Yu Yu-Ting, Assistant Professor, Department of Chinese Literature, Fujen Catholic University
Spring sorrow is hard to dispel; reluctantly, I gaze at the mountains.
Events now past have fed my fears, recalling them I fight back tears,
Four million people weep as one –
This day last year we lost Taiwan.
Poem by Qiu Fengjia
Translated by Robert Fox
Taiwanese poet Qiu Fengjia composed “Spring Sorrow” in 1896, a year after China ceded Taiwan to Japan at the end of the First Sino-Japanese War (1894-1895). The lines are the poet’s lament for the loss of his native land.
With the signing of the Ma Guan Treaty (Treaty of Shimonoseki) on April 17, 1895, China’s ruling Qing dynasty surrendered the island of Taiwan to Japan. Rather than submit to Japanese rule, Qiu Fengjia relocated to his ancestral homeland in Guangdong province on the China mainland. And though Qiu now resided in the land of his forebears, Taiwan – where he was born and raised – would always be the poet’s only true home.
The phrase “spring sorrow” opens the poem. It is springtime, a season of rebirth. Flowers bloom and the myriad forms of life joyously reawaken from their winter slumber, yet the poet’s heart is filled with gloom. Spring sorrow – sadness amidst the celebration of new life – is a recurring theme in classical Chinese poetry, intimating deep feelings of loneliness and isolation. Thus, Qiu’s choice of this motif hints at his own inner despondency.
To alleviate his despair the poet forces himself to “gaze at the mountains.” Among the Chinese literati, seeking solace in nature was a traditional means of assuaging emotional suffering. Rather than providing consolation, however, the verdant peaks only serve to remind the poet of the mountainous topography of his native Taiwan, thus deepening his anguish. What is it that has filled him with dread and brought him to the verge of tears? The answer appears in the third and fourth lines of the poem: the Ma Guan Treaty of 1895 surrendered Taiwan to Japan, causing “four million people” – Taiwan’s population at the time – to “weep as one.” And it is a year to the day that the treaty was signed.
The poem begins with an expression of the poet’s despair and culminates in a portrayal of the Taiwanese people’s grief – “spring sorrow” is both personal and collective. The language of the original is clear and colloquial, unadorned with literary allusions or recondite usages. Behind the larger tragedy lay Qiu Fengjia’s greatest private disappointment: Qiu commanded a Taiwanese volunteer force that assembled to oppose the Japanese, but the cause was lost before he had a chance to engage the enemy. Defeated, he fled with his family to the China mainland, where he lived out his days. His final wish was that he be buried facing east to show he had never forgotten his beloved Taiwan.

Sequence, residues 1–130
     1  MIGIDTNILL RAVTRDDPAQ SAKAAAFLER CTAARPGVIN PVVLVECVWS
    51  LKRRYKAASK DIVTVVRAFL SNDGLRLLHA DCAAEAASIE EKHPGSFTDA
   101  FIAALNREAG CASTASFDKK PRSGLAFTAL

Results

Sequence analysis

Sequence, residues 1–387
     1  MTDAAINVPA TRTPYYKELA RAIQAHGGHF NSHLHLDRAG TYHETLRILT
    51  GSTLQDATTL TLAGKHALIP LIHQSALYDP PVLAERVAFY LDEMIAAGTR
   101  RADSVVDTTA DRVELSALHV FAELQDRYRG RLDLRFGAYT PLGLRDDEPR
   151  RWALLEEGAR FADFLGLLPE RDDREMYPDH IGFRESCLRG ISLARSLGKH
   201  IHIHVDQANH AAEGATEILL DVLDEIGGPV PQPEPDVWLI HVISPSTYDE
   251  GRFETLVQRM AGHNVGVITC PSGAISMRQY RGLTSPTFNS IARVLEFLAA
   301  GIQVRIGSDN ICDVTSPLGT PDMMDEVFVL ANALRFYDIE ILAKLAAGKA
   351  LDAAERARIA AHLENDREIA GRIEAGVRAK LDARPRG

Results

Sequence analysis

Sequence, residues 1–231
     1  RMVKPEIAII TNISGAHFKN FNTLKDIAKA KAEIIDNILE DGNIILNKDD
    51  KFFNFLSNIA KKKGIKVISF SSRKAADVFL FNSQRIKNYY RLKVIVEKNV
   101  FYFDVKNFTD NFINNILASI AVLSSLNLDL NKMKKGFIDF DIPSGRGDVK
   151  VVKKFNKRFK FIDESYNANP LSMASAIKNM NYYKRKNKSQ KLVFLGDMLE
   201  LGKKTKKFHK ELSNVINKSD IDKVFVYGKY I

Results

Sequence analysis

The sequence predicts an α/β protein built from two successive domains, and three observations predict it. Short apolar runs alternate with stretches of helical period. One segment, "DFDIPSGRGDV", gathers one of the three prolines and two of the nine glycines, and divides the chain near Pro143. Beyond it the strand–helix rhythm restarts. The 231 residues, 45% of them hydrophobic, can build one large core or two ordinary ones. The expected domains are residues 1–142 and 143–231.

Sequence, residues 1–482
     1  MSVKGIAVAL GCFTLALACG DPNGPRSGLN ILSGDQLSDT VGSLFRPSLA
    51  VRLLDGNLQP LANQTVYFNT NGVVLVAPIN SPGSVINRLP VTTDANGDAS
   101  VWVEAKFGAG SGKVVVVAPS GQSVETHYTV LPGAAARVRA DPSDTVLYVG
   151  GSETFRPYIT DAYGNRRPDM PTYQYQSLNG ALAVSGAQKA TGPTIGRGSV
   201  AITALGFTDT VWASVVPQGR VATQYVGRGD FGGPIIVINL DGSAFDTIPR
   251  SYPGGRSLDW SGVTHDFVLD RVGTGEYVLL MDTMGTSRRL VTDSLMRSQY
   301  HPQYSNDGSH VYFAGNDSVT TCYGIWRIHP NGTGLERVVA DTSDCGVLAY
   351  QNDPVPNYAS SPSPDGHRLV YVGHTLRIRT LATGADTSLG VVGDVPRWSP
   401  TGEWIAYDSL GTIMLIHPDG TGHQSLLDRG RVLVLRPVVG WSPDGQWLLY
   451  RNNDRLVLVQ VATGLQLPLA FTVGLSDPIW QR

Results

Taiwanese poet (1864-1912) Qiu Fengjia wrote under various pen names. Born in Miaoli County, he later relocated to the Taichung area where his father ran a school. At the time noted scholar Wu Ziguang was lecturing at the Wenying Academy and living at Xiaoyunxuan, a villa owned by the Lu family, a group of prominent Taichung literati. Qiu Fengjia received instruction from Wu and formed close friendships with the “Three Phoenixes of the Eastern Sea,” as the Lu brothers were known. At age 14 Qiu passed the first imperial examination and was presented with a commemorative seal by Ding Yuechang, the provincial governor. Tang Jingsong, then in charge of Qing military forces in Taiwan, recruited Qiu as a subordinate. At the age of 26 Qiu passed the highest imperial examination and began a teaching career.
When China ceded the island of Taiwan to Japan in 1895 Qiu Fengjia and other Taiwanese gentry founded the short-lived Taiwan Republic. Qiu headed a group of resistance fighters but the war ended before he had a chance to fight. After Taiwan fell Qiu fled to mainland China, a move that sparked much criticism. In China, Qiu served as both educator and government official, secretly supporting the revolutionary forces that ultimately overthrew the Qing government. He passed away shortly after the establishment of the Republic of China.
Qiu’s oeuvre of nearly 2,000 poems is preserved in many volumes. The poet styled himself after the heroes he wrote about, patriotic legends such as the Song dynasty general Wen Tianxiang and Koxinga, the Ming era commander who drove the Dutch from Taiwan. Although Qiu Fengjia never fulfilled his personal visions of valor, his bold, sweeping verse resonated deeply with Taiwanese writers of the Japanese colonial period.
This excerpt is taken from the Encyclopedia of Taiwan; for the entire Chinese article, please visit:
|Literary Genre：||Class Poetry|
|Ordering information for original work(Link)：||http://archives.ith.sinica.edu.tw/news_con.php?no=148|
Ordering information for original work(Note)：
|Out of Print, Check it on “Taiwan Collectanea Search System”|
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|Ordering information for translation(Note)：||Unpublished Translation by the Literature Toolkit Project|